First, they occurred on the eve of America's Thanksgiving, as hotels in Mumbai were preparing for the event by putting on functions for the Americans living, working and on vacation in Mumbai.

Secondly, a major international cricket tournament, the Twenty20 Champions League, was going to take place the following week. Some of the matches were going to be played in Mumbai, but the attacks resulted in the tournament being postponed.

Thirdly, important state elections are taking place in parts of the country. They are being closely contested between the major political parties, and security was a key election issue. The events in Mumbai have left the nation divided as to how to respond.

In fact, in the past 12 months, /topics/India" class="cnnInlineTopic">India has endured more terrorist attacks in more parts of the country than in any previous recorded period. Cities such as Bangalore, Jaipur, Ahmedabad and the capital, New Delhi, have been hit. However, those attacks involved rudimentary timed-explosives left in public places.

The latest events are different in terms of method and scale, with cells of well-armed men involved in synchronized assaults.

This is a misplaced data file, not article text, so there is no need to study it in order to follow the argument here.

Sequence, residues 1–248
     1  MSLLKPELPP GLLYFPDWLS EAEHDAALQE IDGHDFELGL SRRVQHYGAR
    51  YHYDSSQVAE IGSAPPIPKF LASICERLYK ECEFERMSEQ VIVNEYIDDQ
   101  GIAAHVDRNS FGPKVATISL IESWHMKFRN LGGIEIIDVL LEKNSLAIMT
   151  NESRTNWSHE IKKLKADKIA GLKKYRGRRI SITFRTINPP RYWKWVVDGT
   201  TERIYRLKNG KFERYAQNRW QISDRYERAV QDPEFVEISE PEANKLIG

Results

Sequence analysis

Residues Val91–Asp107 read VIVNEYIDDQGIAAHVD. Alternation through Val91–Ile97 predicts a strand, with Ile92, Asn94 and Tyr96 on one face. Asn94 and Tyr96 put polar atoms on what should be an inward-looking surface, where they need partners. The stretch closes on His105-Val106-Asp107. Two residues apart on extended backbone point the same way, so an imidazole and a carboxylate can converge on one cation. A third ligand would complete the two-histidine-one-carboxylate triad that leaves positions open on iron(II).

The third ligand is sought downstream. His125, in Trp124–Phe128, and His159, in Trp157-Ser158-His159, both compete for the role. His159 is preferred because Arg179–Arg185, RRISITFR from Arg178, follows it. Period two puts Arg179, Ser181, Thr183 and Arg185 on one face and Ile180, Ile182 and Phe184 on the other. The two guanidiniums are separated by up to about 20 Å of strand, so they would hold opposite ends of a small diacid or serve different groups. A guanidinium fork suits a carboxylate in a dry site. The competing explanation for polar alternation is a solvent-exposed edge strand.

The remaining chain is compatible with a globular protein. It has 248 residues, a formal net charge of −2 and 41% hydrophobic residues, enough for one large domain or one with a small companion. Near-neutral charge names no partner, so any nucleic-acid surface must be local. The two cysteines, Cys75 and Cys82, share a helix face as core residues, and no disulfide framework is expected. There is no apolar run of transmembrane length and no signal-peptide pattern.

The gunmen were also clearly prepared to die in their attacks but not to kill themselves as suicide bombers do. They were on a "fedayeen" mission. In effect, they were hoping to kill as many people as possible while being taken down in a hail of bullets by the security forces in the ensuing shootout.

Fedayeen attacks are not uncommon in India. On December 13, 2001, five gunmen drove into India's parliament complex in New Delhi and opened fire indiscriminately. Although no members of parliament were harmed, eight people and the five terrorists were killed.

Lashkar-e-Toiba, a Pakistan-based terrorist group affiliated with al Qaeda, was blamed for that attack.

The incident almost brought India and Pakistan into a full-scale conflict, but that was averted by the intervention of the United States, Russia and China.

Although the Lashkar-e-Toiba is banned in the United States and the European Union, it has tried to operate under different names, including Jamaat-Ud-Dawa and Idara Khidmat-E-Khalq. Indian authorities are accusing the group of being tied to the recent attacks in Mumbai. However, Pakistani authorities deny there is a connection to their country.